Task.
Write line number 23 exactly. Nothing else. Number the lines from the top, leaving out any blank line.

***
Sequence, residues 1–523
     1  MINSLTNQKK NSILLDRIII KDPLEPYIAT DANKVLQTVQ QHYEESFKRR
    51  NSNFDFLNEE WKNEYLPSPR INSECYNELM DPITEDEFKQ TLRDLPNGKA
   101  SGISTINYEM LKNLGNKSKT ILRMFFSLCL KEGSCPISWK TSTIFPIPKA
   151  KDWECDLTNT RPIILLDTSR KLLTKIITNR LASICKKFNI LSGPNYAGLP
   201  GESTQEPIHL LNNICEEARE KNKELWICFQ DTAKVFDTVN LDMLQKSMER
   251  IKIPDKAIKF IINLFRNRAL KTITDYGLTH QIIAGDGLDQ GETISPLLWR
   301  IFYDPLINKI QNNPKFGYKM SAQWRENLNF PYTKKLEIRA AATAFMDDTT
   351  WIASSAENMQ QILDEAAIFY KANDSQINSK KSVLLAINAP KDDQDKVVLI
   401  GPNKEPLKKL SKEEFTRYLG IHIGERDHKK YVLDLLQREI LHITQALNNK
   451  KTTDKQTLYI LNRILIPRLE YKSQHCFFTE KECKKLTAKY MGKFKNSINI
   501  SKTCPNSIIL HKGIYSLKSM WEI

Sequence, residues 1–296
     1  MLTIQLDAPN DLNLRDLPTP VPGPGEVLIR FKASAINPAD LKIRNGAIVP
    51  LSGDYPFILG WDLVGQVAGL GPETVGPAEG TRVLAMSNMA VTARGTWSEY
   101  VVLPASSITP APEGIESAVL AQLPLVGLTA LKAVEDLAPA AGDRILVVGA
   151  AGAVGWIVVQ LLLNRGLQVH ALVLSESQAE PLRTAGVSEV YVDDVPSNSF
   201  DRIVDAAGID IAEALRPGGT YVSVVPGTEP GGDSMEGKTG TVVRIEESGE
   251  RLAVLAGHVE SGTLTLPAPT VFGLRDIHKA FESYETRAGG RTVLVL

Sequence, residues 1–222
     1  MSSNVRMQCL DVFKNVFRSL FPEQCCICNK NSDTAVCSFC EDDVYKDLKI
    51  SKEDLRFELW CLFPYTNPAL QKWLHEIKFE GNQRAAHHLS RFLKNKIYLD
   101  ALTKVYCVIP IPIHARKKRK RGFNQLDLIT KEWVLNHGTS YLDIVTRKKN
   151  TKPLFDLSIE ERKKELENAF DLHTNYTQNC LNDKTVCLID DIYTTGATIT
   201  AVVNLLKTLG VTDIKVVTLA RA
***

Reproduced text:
   101  ALTKVYCVIP IPIHARKKRK RGFNQLDLIT KEWVLNHGTS YLDIVTRKKN